The cloud computing paradigm has been a table stake for web scale companies for well over a decade, although it’s just now starting to make inroads in the telco industry.
Cloud computing impacts everything. The hardware is commoditized, servers are virtualized, networking and network functions are software-defined. Everything can be managed via software through API calls. Operational challenges are addressed via automation and increasingly applied via artificial intelligence (AI).
Cloud computing also impacts applications and other workloads. They have to adopt to a cloud-friendly design pattern where resiliency and scalability is integral to the application (think stateless microservices). Done right, this transformation results in a more robust and agile platform, enabling a new generation of interactive applications such as connected cars, augmented and virtual reality (AR/VR), and IoT. But done wrong, you are left with a fragile environment and an eroded user experience.
You see, the legacy enterprise stack is built on a fallacy that application server, operating system, and hardware will simply not fail. We all know this to be untrue. This has resulted in a costly operational model where IT is managed reactively and on an emergency basis, which negatively impacts quality of experience as outages are user-impacting. Simply virtualizing legacy workloads and forklifting them to the cloud will aggravate the situation, resulting in more outages and further erosion of user experience. The operational model, as well as the workloads, will have to evolve in order to take advantage of the telco cloud.
The move to 5G and edge computing is exceptionally well aligned with cloud platforms. Consequently, telcos are already phasing out mission-critical servers, instead opting for multiple whitebox servers that can be terminated and replaced with a relaunched server in minutes, without disrupting end-users. In other words, with the hardware becoming commoditized it should also become dispensable (easily replaceable). But, where does that leave the services provided on top of these servers and the end user experience?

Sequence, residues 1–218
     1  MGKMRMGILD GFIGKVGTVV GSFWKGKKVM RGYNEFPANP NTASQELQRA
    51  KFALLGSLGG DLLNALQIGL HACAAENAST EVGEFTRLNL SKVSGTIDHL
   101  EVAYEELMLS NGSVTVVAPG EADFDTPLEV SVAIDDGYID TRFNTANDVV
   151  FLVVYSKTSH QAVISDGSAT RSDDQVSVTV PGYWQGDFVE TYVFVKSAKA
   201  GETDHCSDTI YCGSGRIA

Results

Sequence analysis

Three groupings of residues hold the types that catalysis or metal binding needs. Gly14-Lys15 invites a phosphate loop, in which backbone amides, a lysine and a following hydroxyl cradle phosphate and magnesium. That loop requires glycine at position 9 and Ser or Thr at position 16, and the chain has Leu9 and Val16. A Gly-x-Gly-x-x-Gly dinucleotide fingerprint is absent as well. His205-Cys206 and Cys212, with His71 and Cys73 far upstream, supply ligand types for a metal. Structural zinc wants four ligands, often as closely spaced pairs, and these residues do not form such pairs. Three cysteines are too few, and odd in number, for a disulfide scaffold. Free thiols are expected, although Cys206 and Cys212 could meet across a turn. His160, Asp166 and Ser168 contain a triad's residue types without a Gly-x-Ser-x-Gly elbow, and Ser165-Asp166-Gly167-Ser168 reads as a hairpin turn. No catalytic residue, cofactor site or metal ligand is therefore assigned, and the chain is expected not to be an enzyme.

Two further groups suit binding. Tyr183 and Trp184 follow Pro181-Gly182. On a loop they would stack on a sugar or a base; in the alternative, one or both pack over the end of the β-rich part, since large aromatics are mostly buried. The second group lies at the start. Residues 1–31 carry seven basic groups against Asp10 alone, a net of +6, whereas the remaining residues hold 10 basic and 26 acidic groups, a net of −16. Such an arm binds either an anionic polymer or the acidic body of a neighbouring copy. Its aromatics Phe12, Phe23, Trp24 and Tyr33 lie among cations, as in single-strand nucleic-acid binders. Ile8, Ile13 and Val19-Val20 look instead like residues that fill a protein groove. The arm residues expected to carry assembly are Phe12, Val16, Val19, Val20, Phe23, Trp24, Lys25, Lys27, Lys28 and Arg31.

Why Do We Want to Have Dispensable Servers?
For a server to be truly dispensable, we should be able to shut it down at will or let it fail without any noticeable end-user impact. We should be able to replace it at some later point, when it is convenient. The new server should join the rest of the system and start executing automatically.
We want this because it changes IT operation from a reactive, emergency operation to a normal business hours function, where the IT engineers pick tickets from their backlog and methodically resolves the issues. And, it is not just the exceptionally positive cost implications, it is the only way to manage the cloud without going bust.
How Do We Get There?
In the telco world, there are multiple environments such as the IT data center, the transport network, and the RAN. Many telcos are already deploying cloud in the IT data center and/or looking at outsourced cloud (e.g. Amazon Web Services – AWS). With the introduction of 5G, cloud is now considered throughout the network. There are many drivers: network slicing and its associated business prospects is just one.